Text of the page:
Not surprisingly, tissue oxygenation measurements revealed that the brain tumor was hypoxic relative to the contralateral cerebral hemisphere brain tissue. Two to 8 minutes after TSC was infused, tissue oxygenation measurements in the brain tumor increased above baseline by as much as 60%. After this temporary elevation following TSC infusion, tumor oxygenation measurements returned to baseline. No significant elevations in tissue oxygenation were seen on the contralateral side. Similarly, the saline vehicle was not observed to increase tissue oxygenation in either the brain tumor or the contralateral brain tissue.
Administration of TSC transiently improves tissue oxygenation in hypoxic gliomas. Such an effect is one potential mechanism for the radiosensitization previously observed after addition of TSC.
Jay Jagannathan, Russell R. Lonser, Rene Smith, Hetty L. DeVroom and Edward H. Oldfield
Despite the frequency of cerebellar hemangioblastomas in von Hippel–Lindau (VHL) disease, their optimum contemporary management has not been defined, and is made complex because of the multiple, progressive, and protean nature of the tumors found in patients with this disorder. To examine modern management and outcomes of cerebellar hemangioblastomas in VHL disease, the authors reviewed findings in patients with this disease who underwent resection of cerebellar hemangioblastomas.
Consecutive patients with VHL disease who underwent surgery for cerebellar hemangioblastoma(s) at the National Institutes of Health were included. Eighty consecutive patients (44 female and 36 male patients) underwent 126 operations for removal of 164 cerebellar hemangioblastomas (age at surgery 37.8 ± 10.3 years, follow-up duration 96.0 ± 60.3 months). Serial clinical examinations, imaging studies, and operative records were analyzed.
Symptoms and signs included headache (94 operations; 75%), ataxia (55%), dysmetria (29%), and hydrocephalus (28%). Although the primary objective of surgery was resection of the hemangioblastoma considered responsible for symptoms (136 of the hemangioblastomas [83%]), 28 additional hemangioblastomas (17%) were removed during the same surgeries. Tumors associated with symptoms were larger (diameter 1.8 ± 1.9 cm; volume 2.8 ± 3.4 cm3; p < 0.05) and more likely to be associated with peritumoral edema or peritumoral cysts (100% associated with edema and/or cyst; p < 0.05) than asymptomatic tumors (diameter 1.1 ± 0.9 cm; volume 0.7 ± 0.4 cm3; 18%). More tumors were located in the posterior (74%) compared with the anterior (26%) half of the cerebellum (p < 0.05). Three months after resection, symptom improvement/stabilization had occurred following 124 of the operations (98%). Preoperative hydrocephalus resolved after tumor removal in 33 cases (94%) and did not require cerebrospinal fluid diversion. Long-term imaging follow-up (61.5 ± 15.0 months) revealed no recurrences.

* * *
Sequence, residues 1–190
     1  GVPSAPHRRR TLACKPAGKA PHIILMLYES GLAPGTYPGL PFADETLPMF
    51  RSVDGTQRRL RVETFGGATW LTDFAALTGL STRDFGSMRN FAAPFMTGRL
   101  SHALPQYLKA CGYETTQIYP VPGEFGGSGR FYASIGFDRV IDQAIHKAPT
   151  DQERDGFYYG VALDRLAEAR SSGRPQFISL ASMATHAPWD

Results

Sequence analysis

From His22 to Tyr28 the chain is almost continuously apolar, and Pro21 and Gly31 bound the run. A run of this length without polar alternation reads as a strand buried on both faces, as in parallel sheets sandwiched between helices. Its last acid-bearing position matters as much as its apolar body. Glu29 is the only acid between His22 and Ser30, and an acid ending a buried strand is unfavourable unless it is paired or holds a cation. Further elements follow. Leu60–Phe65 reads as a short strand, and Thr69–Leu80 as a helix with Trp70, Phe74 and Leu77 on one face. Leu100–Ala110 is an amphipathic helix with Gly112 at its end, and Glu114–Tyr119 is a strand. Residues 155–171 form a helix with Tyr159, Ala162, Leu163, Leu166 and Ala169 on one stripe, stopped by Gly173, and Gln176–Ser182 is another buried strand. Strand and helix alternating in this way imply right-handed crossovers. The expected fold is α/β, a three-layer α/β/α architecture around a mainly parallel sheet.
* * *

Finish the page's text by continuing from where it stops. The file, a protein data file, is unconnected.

Symptoms and signs caused by cerebellar hemangioblastomas in VHL disease are associated with edema and peritumoral cyst formation/propagation and are treated safely and effectively with resection. Cerebrospinal fluid diversion is rarely necessary after complete tumor removal in patients with preoperative hydrocephalus. Cerebellar hemangioblastomas are preferentially distributed in the posterior half of the cerebellum, as they are in the brainstem and spinal cord. Tumor recurrence is avoided by meticulous extracapsular resection.
Jay Jagannathan, John A. Butman, Russell R. Lonser, Alexander O. Vortmeyer, Christopher K. Zalewski, Carmen Brewer, Edward H. Oldfield and H. Jeffrey Kim
✓ Endolymphatic sac tumors (ELSTs) are locally invasive neoplasms that arise in the posterior petrous bone and are associated with von Hippel–Lindau (VHL) disease. These tumors cause symptoms even when microscopic in size (below the threshold for detectability on imaging studies) and can lead to symptoms such as hearing loss, tinnitus, vertigo, and facial nerve dysfunction. While the mechanisms of audiovestibular dysfunction in patients harboring ELSTs are incompletely understood, they have critical implications for management. The authors present the case of a 33-year-old man with VHL disease and a 10-year history of progressive tinnitus, vertigo, and left-sided hearing loss. Serial T1-weighted magnetic resonance (MR) imaging and computed tomography scans revealed no evidence of tumor, but fluid attenuated inversion recovery (FLAIR) MR imaging sequences obtained after hearing loss demonstrated evidence of left intralabyrinthine hemorrhage. On the basis of progressive disabling audiovestibular dysfunction (tinnitus and vertigo), FLAIR imaging findings, and VHL disease status, the patient underwent surgical exploration of the posterior petrous region, and a small (2-mm) ELST was identified and completely resected. Postoperatively, the patient had improvement of the tinnitus and vertigo. Intralabyrinthine hemorrhage may be an early and the only neuroimaging sign of an ELST in patients with VHL disease and audiovestibular dysfunction. These findings support tumor-associated hemorrhage as a mechanism underlying the audiovestibular dysfunction associated with ELSTs.
Martin H. Weiss and William T. Couldwell
Jay Jagannathan, David O. Okonkwo, Aaron S. Dumont, Hazem Ahmed, Abbas Bahari, Daniel M. Prevedello, John A. Jane Sr. and John A. Jane Jr.
The authors examine the indications for and outcomes following decompressive craniectomy in a single-center pediatric patient population with traumatic brain injury (TBI).
A retrospective review of data was performed using a prospectively acquired database of patients who underwent decompressive craniectomy at the authors' institution between January 1995 and April 2006. The patients' neuroimages were examined to evaluate the extent of intracranial injury, and the patients' records were reviewed to determine the admission Glasgow Coma Scale (GCS) score, the extent of systemic injuries, the time to craniectomy, and the indications for craniectomy. Long-term functional outcome and independence levels were evaluated using the Glasgow Outcome Scale (GOS) and a Likert patient quality-of-life rating scale.